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Comment Money --> time --> skill (Score 1) 192

From the summary:

some online games make your ability to play competitively a question of how much time and money you've invested in a game, rather than the skill you possess.

I get the "money" part (if he means the purchase of game features), but the "time" part is silly. You get skill by investing time. Skill is the payout for a time investment, and time is often the payout for a money investment. It's different if you can buy game components with real money, but if you buy play time ... how is that different than the guy who put in $347 worth of quarters and 4120 hours to get the top score on Space Invaders at an arcade in 198x?

Comment Re:What natural setting? (Score 1) 439

Not really ... try to imagine a jungle or other wild forest habitat/village with the same amount of attention-grabbing distraction as Manhattan; that would be truly bizzare. That is, unless you just mean out in the middle of the wild; but that would be a silly and unreasonable comparison. We could make up all sorts of fantastical scenarios about !!!X-TREME ATTENTION-GRABBING SETTINGS!!! (Next on Fox!) in which a human *might* find himself, but the point of the article is that an urban setting *in which people may commonly be found* is more distracting and energy intensive than a natural setting *in which people may commonly be found*. It's not like jungle dwellers (villages, etc.) fight off 3.9 tigers per hour or swat at 120344 deadly insects per day, though it's probably more intensive than a hike through Yellowstone. That might be the case in a particularly harsh jungle setting, but it's hardly to be counted normative for the considerations of this article, just as it would be to say cities are more focus-intensive because there are more terrorist attacks in cities.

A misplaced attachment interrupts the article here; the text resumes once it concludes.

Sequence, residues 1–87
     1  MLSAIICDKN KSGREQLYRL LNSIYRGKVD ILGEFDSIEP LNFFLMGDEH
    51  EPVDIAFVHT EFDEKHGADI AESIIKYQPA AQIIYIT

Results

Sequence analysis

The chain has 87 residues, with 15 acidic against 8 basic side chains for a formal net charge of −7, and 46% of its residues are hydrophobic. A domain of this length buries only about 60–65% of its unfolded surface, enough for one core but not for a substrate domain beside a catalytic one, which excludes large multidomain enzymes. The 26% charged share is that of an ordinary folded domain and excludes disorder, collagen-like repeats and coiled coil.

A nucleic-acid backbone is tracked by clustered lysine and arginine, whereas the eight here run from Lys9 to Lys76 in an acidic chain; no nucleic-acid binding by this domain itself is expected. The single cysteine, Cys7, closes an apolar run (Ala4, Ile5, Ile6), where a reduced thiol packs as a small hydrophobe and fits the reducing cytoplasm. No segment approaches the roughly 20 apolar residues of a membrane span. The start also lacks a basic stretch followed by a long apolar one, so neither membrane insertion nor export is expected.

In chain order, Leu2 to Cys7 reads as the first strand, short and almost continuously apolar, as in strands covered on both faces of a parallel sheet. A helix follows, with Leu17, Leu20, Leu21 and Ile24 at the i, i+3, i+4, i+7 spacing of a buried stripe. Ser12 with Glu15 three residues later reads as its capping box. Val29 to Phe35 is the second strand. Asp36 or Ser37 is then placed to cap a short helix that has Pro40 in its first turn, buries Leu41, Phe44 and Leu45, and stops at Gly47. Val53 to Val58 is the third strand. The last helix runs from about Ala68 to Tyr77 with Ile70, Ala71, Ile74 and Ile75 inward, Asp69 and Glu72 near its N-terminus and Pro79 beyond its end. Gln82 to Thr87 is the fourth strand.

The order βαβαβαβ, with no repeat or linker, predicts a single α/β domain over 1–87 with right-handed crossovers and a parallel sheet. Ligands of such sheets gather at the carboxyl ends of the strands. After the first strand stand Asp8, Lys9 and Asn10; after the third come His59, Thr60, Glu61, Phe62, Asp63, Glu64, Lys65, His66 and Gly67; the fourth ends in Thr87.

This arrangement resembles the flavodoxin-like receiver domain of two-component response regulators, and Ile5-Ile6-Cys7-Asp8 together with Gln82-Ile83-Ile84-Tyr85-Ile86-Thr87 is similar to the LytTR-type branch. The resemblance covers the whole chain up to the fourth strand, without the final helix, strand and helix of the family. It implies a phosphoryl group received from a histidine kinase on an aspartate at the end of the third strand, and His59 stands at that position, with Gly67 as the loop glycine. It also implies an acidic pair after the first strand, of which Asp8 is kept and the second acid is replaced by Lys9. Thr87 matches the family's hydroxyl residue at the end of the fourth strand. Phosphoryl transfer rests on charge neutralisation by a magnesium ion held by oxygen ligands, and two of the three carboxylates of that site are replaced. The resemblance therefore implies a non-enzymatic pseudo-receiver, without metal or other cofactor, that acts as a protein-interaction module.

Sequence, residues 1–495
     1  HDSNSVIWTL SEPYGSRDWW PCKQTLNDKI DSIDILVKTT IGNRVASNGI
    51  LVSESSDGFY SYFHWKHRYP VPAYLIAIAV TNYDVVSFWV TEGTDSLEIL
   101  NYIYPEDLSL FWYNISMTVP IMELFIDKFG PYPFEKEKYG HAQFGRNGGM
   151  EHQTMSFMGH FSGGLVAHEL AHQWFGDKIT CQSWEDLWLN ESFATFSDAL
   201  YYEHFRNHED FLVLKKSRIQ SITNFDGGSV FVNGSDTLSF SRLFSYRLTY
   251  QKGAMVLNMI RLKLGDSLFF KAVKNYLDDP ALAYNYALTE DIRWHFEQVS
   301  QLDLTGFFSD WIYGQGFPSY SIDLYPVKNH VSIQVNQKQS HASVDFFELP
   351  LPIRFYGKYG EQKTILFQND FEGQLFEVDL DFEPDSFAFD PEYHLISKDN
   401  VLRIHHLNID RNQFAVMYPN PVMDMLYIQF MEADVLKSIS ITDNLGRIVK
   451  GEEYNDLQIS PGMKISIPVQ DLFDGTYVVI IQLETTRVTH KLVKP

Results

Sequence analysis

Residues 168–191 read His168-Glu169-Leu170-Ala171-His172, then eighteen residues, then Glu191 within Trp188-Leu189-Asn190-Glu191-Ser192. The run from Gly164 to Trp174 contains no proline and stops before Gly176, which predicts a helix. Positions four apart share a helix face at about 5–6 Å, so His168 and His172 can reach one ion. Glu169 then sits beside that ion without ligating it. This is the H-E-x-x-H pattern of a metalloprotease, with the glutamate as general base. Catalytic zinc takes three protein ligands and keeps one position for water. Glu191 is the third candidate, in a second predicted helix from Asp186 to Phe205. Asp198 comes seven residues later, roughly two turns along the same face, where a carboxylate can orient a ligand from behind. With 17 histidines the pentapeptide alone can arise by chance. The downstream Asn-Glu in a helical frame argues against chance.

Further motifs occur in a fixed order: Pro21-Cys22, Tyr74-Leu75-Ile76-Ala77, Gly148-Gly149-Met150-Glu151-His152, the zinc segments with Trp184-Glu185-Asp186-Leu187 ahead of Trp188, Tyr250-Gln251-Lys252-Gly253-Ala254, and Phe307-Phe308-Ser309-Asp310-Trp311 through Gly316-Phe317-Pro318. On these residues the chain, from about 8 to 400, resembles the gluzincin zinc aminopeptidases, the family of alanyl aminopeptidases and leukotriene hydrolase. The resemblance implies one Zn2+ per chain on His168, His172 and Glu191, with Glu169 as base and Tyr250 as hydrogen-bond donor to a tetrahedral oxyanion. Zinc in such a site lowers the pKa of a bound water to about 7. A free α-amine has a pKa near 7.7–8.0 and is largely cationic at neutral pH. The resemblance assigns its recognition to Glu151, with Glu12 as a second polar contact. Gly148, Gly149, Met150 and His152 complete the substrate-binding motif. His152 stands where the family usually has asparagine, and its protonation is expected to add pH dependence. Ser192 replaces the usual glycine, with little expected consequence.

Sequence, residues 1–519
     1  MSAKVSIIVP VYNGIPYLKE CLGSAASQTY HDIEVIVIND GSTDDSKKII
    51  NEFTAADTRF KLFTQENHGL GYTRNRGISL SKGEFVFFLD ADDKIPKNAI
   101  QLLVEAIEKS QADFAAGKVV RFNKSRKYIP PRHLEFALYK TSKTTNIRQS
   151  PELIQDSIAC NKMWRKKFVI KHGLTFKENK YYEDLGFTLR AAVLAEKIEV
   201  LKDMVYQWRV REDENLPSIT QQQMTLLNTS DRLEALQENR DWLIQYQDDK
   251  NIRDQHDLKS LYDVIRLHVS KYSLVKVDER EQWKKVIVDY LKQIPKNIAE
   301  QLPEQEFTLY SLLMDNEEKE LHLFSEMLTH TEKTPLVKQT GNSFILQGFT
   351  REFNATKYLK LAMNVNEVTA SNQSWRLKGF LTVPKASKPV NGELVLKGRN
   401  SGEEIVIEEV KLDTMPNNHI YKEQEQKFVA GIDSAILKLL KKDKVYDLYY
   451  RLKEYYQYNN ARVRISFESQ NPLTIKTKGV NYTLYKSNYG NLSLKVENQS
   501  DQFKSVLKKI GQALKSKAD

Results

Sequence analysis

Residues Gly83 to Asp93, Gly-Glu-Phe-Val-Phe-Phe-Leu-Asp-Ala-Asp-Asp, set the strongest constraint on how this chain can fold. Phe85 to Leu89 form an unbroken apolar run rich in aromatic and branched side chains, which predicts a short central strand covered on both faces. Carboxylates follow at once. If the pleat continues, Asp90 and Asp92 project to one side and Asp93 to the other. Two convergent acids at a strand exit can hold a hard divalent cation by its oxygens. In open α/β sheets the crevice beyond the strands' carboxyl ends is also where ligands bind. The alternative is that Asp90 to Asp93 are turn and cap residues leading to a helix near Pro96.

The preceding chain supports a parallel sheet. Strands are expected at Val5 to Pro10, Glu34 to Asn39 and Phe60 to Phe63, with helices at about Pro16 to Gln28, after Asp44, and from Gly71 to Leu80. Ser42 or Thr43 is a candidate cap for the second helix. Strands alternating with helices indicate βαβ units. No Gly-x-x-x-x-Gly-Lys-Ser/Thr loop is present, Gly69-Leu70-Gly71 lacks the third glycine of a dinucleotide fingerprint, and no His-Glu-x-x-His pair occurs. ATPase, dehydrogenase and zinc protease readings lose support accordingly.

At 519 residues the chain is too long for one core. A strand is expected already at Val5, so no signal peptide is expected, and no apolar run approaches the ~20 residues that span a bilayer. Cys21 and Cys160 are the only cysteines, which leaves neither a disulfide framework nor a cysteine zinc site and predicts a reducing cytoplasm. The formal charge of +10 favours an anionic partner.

Comment The One-Point-Five Inches that Destroyed the World (Score 5, Funny) 1230

yeah, that extra 1.5" is an unbearable distance to reach..

Hold on. Take a step back and look at the big picture:

Doing some basic, preliminary research while reading the article (and extrapolating the data), I've found that I use the escape key an average of 2983742 times per day. Now, that inch-and-a-half may not seem like much, but do some conversion: that's around seventy extra miles I'm moving my arm per day. Now, I'm an above average escapist, so I figure that if I'm moving my arm an extra 70 miles, the average user is probably moving only about 68 miles per day. I'm not an expert, but from what I gather from 60 Minutes, I'm probably burning calories equivalent to those I would take in consuming an entire cow. We know that forfty percent of cows are fed on the burning corpses of amazon rainforest trees. I saw a movie once (starring Sean Connery and someone else) in which they found the cure for cancer in the Amazon! And think of all the heat emitted from those trees, coupled with the MEGAJOULES of energy being emitted in the form of heat from the burning of the cows (for food) each day, per person. Now, INSFBCL (I'm Not Some Fancy Big City Lawyer), but you don't have to be teh inventor of the intarweb to know that that much heat escaping into the atmosphere is at least quintupling the effects of Global Warning every year.

Move the escape key to the caps-lock slot? Is there really any question? Is there really any choice?

Think of the children. And their melty ice-cream cones.

And cancer.

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